SME Adviser Series
It’s not only the nature of your work, but also the lifestage you have reached that will define the kind of advice and support you need. At Beavis Morgan, we can help you make critical decisions at each phase of your development cycle, from startup guidance to exit strategies, and everything in between.
Below is a series of articles with practical advice and tips for SMEs. For more information about how we can help you and your business, contact Contact Steve Govey or your usual Beavis Morgan Partner.
If you are thinking of setting up your own business, a key initial step should be to discuss your plans with an experienced accountant and business adviser who will give you the help you need and guide you in making the right decisions both now and for the future.
A clear, concise and convincing business plan is one of the most important things an entrepreneur or SME business owner must do when starting a new business or when planning for growth and succession.
Choosing the right accountant is one of the most important decisions an SME business owner or manager can make. Accountants can provide a wealth of business and tax advice. Choosing a good one can save you time and help your business grow; choosing a bad one could cost you money.
A business is only as good as the people who work in it. When you are making a recruitment decision you are taking on responsibility for the cohesiveness of the staff and diversity in your workplace, in addition to choosing the kind of talent that can help to drive your business forward. It pays to plan ahead if you want to attract the best candidates, especially in difficult economic times.
Whilst most business owners understand the need for insurance, a surprising number of businesses are uninsured, under-insured, or insured with out-of-date policies. Here we provide information about some of the more common types of insurance for SME businesses.
As an SME business owner, you’re probably wondering when you should start conducting market research - you may even be wondering if you need to do it at all. The answer is a resounding yes. And the sooner you start it, the more money you will save in the long run.
Failing to plan, plan to fail. We all know this. However, many businesses who create a strategy or business plan fail to execute it to any significant degree. This is because it requires change, commitment, innovation, leadership and numerous other actions to align your business in a way that facilitates the execution of your plan.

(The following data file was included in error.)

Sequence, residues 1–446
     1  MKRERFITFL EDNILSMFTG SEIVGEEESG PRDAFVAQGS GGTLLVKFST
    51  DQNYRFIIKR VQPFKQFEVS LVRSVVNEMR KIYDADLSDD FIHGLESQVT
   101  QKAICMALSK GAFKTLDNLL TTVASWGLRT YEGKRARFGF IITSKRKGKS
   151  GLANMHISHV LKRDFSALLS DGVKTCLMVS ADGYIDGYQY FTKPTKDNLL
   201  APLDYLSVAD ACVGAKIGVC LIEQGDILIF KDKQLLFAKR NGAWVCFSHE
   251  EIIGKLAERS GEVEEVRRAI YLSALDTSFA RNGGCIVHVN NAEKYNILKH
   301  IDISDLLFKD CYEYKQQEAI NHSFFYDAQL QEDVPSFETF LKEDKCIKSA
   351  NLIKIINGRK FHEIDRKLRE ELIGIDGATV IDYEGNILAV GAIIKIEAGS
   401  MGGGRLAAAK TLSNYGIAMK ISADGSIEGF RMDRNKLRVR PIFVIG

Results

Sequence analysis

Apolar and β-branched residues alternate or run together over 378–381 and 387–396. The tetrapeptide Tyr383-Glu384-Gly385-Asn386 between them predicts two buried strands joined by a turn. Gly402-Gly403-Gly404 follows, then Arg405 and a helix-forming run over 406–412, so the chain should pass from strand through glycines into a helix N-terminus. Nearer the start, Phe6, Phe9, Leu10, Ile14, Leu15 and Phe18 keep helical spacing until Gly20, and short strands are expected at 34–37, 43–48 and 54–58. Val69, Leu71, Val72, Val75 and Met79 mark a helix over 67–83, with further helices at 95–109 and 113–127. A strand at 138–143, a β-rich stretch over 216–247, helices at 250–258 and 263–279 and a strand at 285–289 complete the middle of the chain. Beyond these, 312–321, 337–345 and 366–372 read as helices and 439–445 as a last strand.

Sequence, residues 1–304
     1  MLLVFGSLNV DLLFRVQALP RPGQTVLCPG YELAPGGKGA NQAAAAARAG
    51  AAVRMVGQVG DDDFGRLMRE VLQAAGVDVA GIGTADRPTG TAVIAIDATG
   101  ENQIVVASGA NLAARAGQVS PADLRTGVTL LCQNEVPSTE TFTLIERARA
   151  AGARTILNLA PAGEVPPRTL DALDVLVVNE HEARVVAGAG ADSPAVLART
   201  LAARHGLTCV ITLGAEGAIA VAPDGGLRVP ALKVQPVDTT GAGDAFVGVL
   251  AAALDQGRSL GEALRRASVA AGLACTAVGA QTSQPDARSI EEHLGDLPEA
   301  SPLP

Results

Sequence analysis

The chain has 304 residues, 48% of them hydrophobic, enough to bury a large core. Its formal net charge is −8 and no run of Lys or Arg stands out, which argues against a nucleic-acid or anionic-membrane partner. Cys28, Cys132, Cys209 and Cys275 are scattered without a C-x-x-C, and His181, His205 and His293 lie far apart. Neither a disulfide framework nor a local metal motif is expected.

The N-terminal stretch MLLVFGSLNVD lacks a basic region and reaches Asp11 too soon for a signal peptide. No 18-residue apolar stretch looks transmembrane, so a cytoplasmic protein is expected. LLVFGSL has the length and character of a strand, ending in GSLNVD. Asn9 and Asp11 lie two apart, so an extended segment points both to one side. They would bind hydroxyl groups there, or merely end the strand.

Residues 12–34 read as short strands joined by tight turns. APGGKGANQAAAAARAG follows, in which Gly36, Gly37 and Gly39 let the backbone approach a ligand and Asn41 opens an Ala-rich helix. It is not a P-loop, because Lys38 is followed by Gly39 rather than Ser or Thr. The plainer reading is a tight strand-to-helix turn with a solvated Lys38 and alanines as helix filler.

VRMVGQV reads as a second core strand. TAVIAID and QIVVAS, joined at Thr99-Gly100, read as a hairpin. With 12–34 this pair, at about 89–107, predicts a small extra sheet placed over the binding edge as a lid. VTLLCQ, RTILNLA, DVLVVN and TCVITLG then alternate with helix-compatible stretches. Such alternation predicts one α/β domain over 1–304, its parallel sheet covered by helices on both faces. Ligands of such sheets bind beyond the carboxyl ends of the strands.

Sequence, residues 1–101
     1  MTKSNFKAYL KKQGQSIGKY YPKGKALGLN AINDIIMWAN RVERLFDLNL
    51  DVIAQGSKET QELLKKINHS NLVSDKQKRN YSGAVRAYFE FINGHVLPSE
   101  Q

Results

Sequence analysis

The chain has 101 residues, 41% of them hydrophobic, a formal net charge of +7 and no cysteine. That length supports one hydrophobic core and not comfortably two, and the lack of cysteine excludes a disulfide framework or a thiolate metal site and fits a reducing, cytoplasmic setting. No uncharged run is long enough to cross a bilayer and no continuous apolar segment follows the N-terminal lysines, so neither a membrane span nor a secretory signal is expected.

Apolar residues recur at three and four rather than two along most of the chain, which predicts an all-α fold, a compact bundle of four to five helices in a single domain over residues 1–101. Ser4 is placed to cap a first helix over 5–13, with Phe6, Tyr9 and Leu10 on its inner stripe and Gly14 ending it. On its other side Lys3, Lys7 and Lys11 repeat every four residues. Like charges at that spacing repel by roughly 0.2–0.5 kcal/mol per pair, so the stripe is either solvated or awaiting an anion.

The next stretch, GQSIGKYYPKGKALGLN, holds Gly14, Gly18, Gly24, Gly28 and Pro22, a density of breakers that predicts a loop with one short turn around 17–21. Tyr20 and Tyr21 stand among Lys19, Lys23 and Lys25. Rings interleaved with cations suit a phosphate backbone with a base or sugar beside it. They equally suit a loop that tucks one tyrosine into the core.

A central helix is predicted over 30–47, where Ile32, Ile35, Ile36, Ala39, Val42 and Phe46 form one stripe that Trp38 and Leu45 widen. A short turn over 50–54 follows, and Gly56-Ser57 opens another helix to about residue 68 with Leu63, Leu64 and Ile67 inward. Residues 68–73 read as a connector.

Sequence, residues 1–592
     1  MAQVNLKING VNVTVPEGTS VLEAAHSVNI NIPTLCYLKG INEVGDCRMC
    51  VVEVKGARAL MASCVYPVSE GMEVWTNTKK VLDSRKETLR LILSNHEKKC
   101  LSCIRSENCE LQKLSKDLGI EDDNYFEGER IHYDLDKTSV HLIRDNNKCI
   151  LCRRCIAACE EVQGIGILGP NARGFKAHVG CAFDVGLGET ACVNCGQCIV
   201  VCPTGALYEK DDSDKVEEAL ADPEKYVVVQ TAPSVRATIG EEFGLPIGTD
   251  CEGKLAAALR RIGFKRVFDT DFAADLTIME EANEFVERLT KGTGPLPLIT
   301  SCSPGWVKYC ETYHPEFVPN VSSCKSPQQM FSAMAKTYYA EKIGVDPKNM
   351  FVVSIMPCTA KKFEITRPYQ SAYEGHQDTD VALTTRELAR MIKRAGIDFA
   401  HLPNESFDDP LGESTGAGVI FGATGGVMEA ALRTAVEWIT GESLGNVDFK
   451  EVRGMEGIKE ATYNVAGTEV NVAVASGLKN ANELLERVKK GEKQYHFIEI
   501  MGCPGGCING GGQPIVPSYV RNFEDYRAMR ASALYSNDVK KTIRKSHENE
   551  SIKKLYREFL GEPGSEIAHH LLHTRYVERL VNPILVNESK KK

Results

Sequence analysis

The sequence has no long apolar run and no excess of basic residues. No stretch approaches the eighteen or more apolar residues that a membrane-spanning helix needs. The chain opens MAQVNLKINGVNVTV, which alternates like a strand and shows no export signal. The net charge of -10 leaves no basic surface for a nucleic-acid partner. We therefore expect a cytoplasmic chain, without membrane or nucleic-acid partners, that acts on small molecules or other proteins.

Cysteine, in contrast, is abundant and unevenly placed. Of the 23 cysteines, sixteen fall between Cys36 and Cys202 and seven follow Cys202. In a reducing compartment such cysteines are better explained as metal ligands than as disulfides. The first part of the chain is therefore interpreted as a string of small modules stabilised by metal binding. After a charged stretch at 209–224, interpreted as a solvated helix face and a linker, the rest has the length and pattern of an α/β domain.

Business Continuity Plans protect and maintain critical assets, processes and resources whilst identifying operational efficiencies to maintain or improve profitability. A sound Business Continuity Plan ensures that critical resources and activities are protected such that, in the event of a disaster or unplanned disruption, the business has inbuilt resilience and the best possible chance of recovery.
A business health check is a chance to stand back and take stock. It enables you to assess how well your business is performing, highlighting your strengths, reassessing the factors that determine future business performance, and outlining any areas for improvement.
Forming strong relationships with customers/clients is an essential component to success. But, whilst this requires time and effort, the rewards can be significant, leading to positive word-of-mouth, increased sales, additional connections and business retention.
In most businesses, there are high performers who progress through the ranks of the organisation and eventually start leading business teams. However, it cannot be assumed that just, because you have a star performer, they will be great at leading and managing people.
Negotiation is an essential business skill, no matter the size of your business. The Centre for Economics and Business Research estimates that a typical UK company could improve its profits by 7 per cent a year by negotiating better. Imagine the boost that would give to their bottom line.
There’s an old saying – profit is opinion, cash is fact. That’s because despite making a profit, some businesses still don’t have enough cash to pay the bills. At the end of the day, a lack of cash will kill a business. Banks and other creditors are paying increased attention to the cashflow position of their creditors, in particular their ‘free cashflow’. So what is free cashflow?
SMEs need to act to remove the barriers to payment. They must take more responsibility for their own actions in getting paid, and consider alternative funding mechanisms in order to keep the cash flowing.
Cybersecurity is not only for larger businesses and public organisations. SMEs are in fact some of the most vulnerable targets for cybercrime, and therefore this topic should be at the forefront of all business leaders’ minds.
Building long-term profitability is essential for business growth. But in order to improve profitability, business leaders need to think and to do things a little differently, so you can stand out from the competition and improve your bottom line.
There are many different reasons why a business owner may decide to exit from their business. In an ideal world, the planning required to ensure a perfect exit begins before the business is even commenced; however, this is not an obstacle for businesses that are already up and running.
The most effective leaders are those that have a great self-awareness of their strengths and weaknesses. They focus on their strengths and surround themselves with quality people to cover their weaknesses. Be careful of the trap of trying to be all things to all people and get clear on your strengths for the year ahead.